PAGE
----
Following the sudden death of football coach Randy Walker in 2006, 31-year-old and former All-American Northwestern linebacker Pat Fitzgerald assumed the position becoming the youngest Division I FBS coach at the time. Fitzgerald is already the second-longest tenured Big Ten head coach, the sixth-longest tenured head coach in Division 1 Football Bowl Subdivision and has been head coach for the Wildcats since 2011. The Wildcats earned their first-ever Big Ten West title and berth in the Big Ten Championship game in 2018. Fitzgerald was named the consensus Big Ten Coach of the Year and a finalist for the 2018 Dodd Trophy that season. Most recently, Fitzgerald earned the 2020 Dodd Trophy Coach of the Year. On October 24, 2020, Fitzgerald recorded his 100th career win in a victory over Maryland. His overall record is 106–81.

Former Wildcats active in the National Football League going into the 2020 season include Ibraheim Campbell, Austin Carr, Garrett Dickerson, Joe Gaziano, Nate Hall, Blake Hance, Montre Hartage, Justin Jackson, Joe Jones, Tyler Lancaster, Dean Lowry, Sherrick McManis, Ifeadi Odenigbo, Trevor Siemian, Clayton Thorson, Dan Vitale, and Anthony Walker, Jr.

Men's Basketball[edit]

The Wildcats men's basketball[27] team is under the direction of Sullivan-Ubben Head Men's Basketball Coach Chris Collins, a role that he's been in since 2013. Collins led the Wildcats to heights never before reached during the 2016–17 season when the program saw a school record 24 wins and its first NCAA tournament berth and victory in program history. Collins was named as one of four finalists for the Naismith Men's Coach of the Year award in 2017.

The Wildcats single national championship is from 1931, retro-picked by the Helms Athletic Foundation and, later, by the Premo-Porrett Power Poll. Since then, the Wildcats have played in the National Invitation Tournament seven times, most recently in 2012. The men's basketball program was the first to open the renovated Welsh-Ryan Arena[28] on November 2, 2018, in an exhibition game against McKendree. The state-of-the-art facility was built to be the most accessible arena in college athletics and seats 7,039. The team is cheered on by the Wildside student section.

Women's Basketball[edit]

The Northwestern women's basketball[29] team is led by Joe McKeown (pronounced Mick-Q-ann), a role that he's been in since 2008. Most recently, McKeown led his Wildcats team to a regular season Big Ten title in the 2019–20 season, tying the program's best 26 wins in a single season. McKeown earned his 700th career win on December 20, 2019. McKeown previously coached at George Washington. He led the Colonials to 14 regular season or postseason Atlantic 10 titles. McKeown is a native of Philadelphia and was inducted into the Father Judge High School Hall of Fame in 1999.

In 2017, the Wildcats saw its highest draft pick in program history with Nia Coffey, selected fifth overall by the San Antonio Stars. The first player drafted in program history was Amy Jaeschke in 2011, selected 27th overall by the Chicago Sky.[30]

Women's lacrosse[edit]

Northwestern lacrosse[31] has won the national championship in women's lacrosse five straight times, from 2005 to 2009, and then again in 2011 and 2012, giving them 7 championships in 8 years. In 2007, the team joined Maryland as the only other school to three-peat. The run started in 2005, when the team enjoyed a perfect season and defeated many long-established east-coast schools after only five years as a varsity sport to capture the school's first national championship since 1941. In doing so, it became the westernmost institution to ever win the title. Soon after, the team made national news when members appeared in a White House photo with President Bush wearing thong sandals, or flip-flops, dubbed as the "White House flip-flop flap." The 2009 season also was an undefeated run. In their five consecutive championship seasons, the Wildcats have a 106–3 record. The Wildcats are led by head coach Kelly Amonte-Hiller, a role that she's been in since 2002. Most recently, the Wildcats won their first ever Big Ten Championship in 2019,[32] won their first ever Big Ten regular season championship in 2021,[33] and repeated as national champions for an 8th time in 2023.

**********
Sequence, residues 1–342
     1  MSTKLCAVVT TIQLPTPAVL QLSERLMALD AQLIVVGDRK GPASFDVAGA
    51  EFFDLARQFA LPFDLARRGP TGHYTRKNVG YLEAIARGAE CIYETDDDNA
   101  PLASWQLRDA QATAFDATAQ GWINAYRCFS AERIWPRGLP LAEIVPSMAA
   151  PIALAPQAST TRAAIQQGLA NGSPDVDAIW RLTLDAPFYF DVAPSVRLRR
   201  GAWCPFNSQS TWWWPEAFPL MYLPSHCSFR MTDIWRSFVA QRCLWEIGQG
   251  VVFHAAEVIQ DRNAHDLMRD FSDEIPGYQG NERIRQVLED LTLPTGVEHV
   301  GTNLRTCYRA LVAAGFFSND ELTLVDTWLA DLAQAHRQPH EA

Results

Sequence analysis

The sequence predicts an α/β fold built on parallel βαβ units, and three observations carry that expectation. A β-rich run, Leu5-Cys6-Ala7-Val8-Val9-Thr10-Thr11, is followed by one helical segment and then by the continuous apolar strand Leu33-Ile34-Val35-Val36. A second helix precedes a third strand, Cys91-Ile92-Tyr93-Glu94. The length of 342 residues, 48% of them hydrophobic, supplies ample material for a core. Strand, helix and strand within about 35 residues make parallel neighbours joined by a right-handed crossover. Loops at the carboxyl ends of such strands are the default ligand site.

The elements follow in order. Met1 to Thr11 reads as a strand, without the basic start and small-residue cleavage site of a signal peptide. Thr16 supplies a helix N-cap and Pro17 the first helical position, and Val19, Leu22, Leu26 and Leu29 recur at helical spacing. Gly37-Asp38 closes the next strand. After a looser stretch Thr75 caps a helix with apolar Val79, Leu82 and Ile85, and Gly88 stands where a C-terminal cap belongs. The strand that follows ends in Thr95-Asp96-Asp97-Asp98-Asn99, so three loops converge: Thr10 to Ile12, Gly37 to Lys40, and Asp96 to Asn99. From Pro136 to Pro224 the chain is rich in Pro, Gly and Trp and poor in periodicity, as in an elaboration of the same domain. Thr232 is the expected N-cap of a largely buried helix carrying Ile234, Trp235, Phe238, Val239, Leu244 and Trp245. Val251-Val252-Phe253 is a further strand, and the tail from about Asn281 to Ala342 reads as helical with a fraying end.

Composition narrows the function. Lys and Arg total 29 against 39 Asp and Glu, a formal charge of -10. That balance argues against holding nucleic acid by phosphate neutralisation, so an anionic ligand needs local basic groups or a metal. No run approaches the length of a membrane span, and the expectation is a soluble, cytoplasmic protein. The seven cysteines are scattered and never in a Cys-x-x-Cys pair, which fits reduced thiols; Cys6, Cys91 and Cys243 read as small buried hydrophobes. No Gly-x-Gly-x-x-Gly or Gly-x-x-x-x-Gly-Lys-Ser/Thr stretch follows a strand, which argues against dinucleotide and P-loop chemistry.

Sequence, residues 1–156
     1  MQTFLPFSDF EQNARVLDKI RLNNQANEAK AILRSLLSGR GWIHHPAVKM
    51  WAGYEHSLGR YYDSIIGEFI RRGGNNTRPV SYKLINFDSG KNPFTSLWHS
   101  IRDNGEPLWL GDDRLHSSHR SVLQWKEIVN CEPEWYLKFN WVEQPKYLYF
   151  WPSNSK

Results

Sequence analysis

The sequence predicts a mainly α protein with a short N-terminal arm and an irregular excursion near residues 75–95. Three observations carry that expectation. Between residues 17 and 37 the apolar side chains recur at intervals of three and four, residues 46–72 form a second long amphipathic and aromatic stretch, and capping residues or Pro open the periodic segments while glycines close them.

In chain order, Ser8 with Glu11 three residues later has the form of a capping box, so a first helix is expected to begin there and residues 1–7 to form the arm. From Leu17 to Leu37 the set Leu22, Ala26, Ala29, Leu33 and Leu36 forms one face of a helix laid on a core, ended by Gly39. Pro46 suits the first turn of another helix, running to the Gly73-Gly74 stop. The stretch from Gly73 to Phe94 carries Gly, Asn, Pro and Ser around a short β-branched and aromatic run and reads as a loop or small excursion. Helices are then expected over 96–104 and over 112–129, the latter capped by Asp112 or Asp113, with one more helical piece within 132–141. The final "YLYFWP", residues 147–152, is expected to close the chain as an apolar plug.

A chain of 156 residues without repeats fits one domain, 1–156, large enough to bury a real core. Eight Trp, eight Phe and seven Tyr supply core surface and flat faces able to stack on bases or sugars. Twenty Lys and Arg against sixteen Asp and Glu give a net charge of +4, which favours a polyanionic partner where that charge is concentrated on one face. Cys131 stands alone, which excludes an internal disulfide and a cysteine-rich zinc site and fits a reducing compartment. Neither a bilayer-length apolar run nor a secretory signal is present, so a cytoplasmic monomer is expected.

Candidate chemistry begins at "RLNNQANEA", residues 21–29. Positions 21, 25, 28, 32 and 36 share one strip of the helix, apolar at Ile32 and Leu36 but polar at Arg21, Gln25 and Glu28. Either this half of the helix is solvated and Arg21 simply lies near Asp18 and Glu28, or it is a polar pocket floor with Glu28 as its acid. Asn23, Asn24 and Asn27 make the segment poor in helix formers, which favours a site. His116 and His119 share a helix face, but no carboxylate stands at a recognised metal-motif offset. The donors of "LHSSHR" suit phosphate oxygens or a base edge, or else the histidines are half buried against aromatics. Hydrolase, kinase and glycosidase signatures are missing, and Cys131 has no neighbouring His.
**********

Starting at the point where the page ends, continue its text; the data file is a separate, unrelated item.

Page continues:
The Northwestern Fencing[16] program competes in the Central Collegiate Conference and has a tenured history of success. Zach Moss is the programs head coach, a role that he's been in since 2016. Following a historic 2017–18 season, Moss was named the Midwest Fencing Conference Coach of the Year as the Wildcats captured their fifth-ever conference championship and finished with three All-Americans at the NCAA Championships. Additionally, the team set the program record for most wins in a season with 47 and the program record for longest win streak at 25. The 2018–19 season saw more milestones for the Wildcats including a 39–5 record, an 11th-place finish at the NCAA Championships, and a second consecutive conference championship. The Wildcats achieved the highest ranking in program history during the season at second in the country and amassed 39 victories at the conference championships.

Field Hockey[edit]

The Northwestern Field Hockey[34] team plays its home games at Lakeside Field, adjacent to Lanny and Sharon Martin Stadium on the lakefront. The Wildcats are led by head coach Tracey Fuchs, a role that she's been in since 2009. Fuchs has led the Wildcats to two Big Ten titles and three NCAA tournament appearances. Under Fuchs' direction, the Wildcats have posted winning seasons in 10 of her 11 seasons.[35]

The Northwestern Wildcats field hockey team has gathered 6 regular season Big Ten titles and 1 tournament title in addition to 14 NCAA tournament appearances. In 2021, the team won the NCAA tournament, followed by a championship game appearance in 2022.